May 5, 2004

Cornell Victorious Wins Games

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When the Cornell Victorious campaign began in 2000, it was viewed as an ambitious project whose goal was to improve the state of Cornell athletics. The campaign was part of the University’s response to the Trustee Task Force on Athletics’ report that Cornell’s athletic department was underfunded.

The results have spoken for themselves. In the four years since the campaign was launched, the athletic department’s annual budget has been permanently increased by $1 million, $1.5 million in debt has been paid off, the Schoellkopf Field turf, the Barton Hall track, and the Lynah Rink ice and refrigeration system have all been replaced, and, as of last month, $65 million has been raised for the $100 million endowment campaign.

The campaign, which will end on June 30, has already financed the construction of the Friedman Wrestling Center, 13 new endowed head coaching positions, and numerous other projects that will promote financial stability within the athletic department.

When the project is complete, it will help to pay for a renovated Schoellkopf Hall as the headquarters for the football team, a new Rowing Center on Cayuga Inlet, and a renovated and expanded Helen Newman Hall on North Campus.

Saturday afternoon, members of the Cornell Football Association and the Cornell Victorious campaign celebrated the completion of fundraising for the $8 million Schoellkopf Hall renovations.

“It was one of those occasions where Cornell alumni let Cornell administration know that we really didn’t have our vision set far enough. Our $4 million vision of what could be done to make Schoellkopf Hall the proper home for the football program was deemed to be nice, but certainly not what this program deserved,” said Susan H. Murphy ’73, vice president for student and academic services. “They caused us to raise our sight and gave us the confidence to not only renovate the existing facility … but to also see an extraordinary $300,000 extension to replace the Hall of Fame Room and give our football program a Tradition Room to bring together all the wonderful memories of this very distinguished program.”

Indeed, this is an exciting component of a very exciting campaign. The $8 million raised as part of the Schoellkopf Project component of the campaign will be put towards long-needed renovations to this most historic of campus buildings. By the fall of 2005, the renovations will be complete, providing new office space to the football staff, a refurbished second-floor patio in place of the current Hall of Fame Room, and a brand new extension on the east side of the building, which will house the new Hall of Fame Room on the first floor, and Cornell Football’s Tradition Room on the second floor.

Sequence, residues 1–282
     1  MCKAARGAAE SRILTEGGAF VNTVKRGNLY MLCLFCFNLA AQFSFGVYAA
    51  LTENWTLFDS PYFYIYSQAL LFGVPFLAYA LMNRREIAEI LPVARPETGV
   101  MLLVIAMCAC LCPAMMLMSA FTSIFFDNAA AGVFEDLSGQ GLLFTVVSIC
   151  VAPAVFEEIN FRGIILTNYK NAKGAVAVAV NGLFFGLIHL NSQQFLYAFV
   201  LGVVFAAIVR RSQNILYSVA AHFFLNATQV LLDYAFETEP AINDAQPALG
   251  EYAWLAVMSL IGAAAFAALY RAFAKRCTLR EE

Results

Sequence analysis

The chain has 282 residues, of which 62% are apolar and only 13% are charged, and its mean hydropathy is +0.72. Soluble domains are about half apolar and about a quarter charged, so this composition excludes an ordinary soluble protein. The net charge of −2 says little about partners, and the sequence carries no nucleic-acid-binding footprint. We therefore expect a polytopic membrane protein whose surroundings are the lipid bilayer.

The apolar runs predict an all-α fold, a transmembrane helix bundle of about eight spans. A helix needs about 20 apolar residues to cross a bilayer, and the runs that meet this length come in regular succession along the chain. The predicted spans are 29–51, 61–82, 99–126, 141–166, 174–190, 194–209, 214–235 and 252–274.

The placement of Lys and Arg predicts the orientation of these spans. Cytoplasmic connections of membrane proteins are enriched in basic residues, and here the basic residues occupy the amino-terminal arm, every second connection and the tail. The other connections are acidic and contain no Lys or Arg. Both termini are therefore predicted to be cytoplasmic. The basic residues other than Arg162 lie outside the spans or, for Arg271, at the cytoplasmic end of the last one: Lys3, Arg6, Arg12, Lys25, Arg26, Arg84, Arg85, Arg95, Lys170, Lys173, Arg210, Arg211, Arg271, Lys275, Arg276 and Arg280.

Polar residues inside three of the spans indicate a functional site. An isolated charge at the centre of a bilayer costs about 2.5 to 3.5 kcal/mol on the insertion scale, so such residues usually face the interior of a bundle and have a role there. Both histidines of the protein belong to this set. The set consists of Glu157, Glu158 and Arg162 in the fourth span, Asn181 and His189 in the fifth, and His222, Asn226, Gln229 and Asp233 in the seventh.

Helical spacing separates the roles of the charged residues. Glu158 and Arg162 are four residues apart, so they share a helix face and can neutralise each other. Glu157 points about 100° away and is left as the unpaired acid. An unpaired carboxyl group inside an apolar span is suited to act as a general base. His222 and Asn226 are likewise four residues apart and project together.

The Schoellkopf Project is only a small part of the Cornell Victorious campaign. The Friedman Wrestling Center, which opened last year, is already regarded as among the best in the country. Proposed renovations to the Collier Boathouse and Helen Newman Hall will also help to bring the Cornell athletics and recreation programs to their deserved status as among the finest anywhere. All of these projects are evidence of the commitment to Cornell that alumni have made through the years. Cornell Victorious is a truly worthwhile project, one that is already paying dividends. Two months from now, the fundraising drive will end, but its impact will continue to benefit Cornell for many years to come.

This is the hard part.

I’m not very good at good-byes, so right now I’m pretty happy I’m only a junior. This year, I’ll have to settle for a couple of thank-yous instead.

To Nate, Marc, Laura, and Gilman: Newcomers to the sports section are always taught that every other section at The Sun is evil. I think it’s because of the often antagonistic relationship the sports editors have with other editors. That definitely wasn’t the case for us. Thanks for making my first term as an editor at The Sun such an enjoyable experience. Good luck in the future. I know you’ll all do great things.

To Per Ostman and Matt James: The Sun would be nothing without its writers, and there’s no question that you two are among the very best. Over the past couple of years, you’ve done an incredible job with every sport you’ve covered and every article you’ve written. You’ll leave a tremendous void to fill on staff next fall, but I’ll do my best to find writers who will live up to your standards.

To Scott Jones: Your last column on Friday was the very best final column I have ever read. You taught me far more about writing and editing than you could possibly realize. A lot of people are surprised when they hear that you’re going to the seminary in the fall, but I wasn’t. People like you have a mandate to share the love. And you’ll be incredible at it.

To Alex Ip: Before every decision I’ve made as sports editor over the past two months, I have asked myself, “What would Ip think?” I don’t expect that will change in the months to come. In the past year, I think I learned more from you than anyone else I’ve ever worked with, and not just at The Sun. I don’t think there’s actually a proper way to thank you for everything you’ve done for this section and its staff. So instead, I’ll say good luck. Go home, get rich with Lehman Brothers, but never hesitate to give us some advice.

So that does it for another year. It’s been a thrill to tag along for the ride. See you all next year.

Owen Bochner is the Sun Sports Editor.In the O-Zone has appeared every other Wednesday this semester.

Archived article by Owen Bochner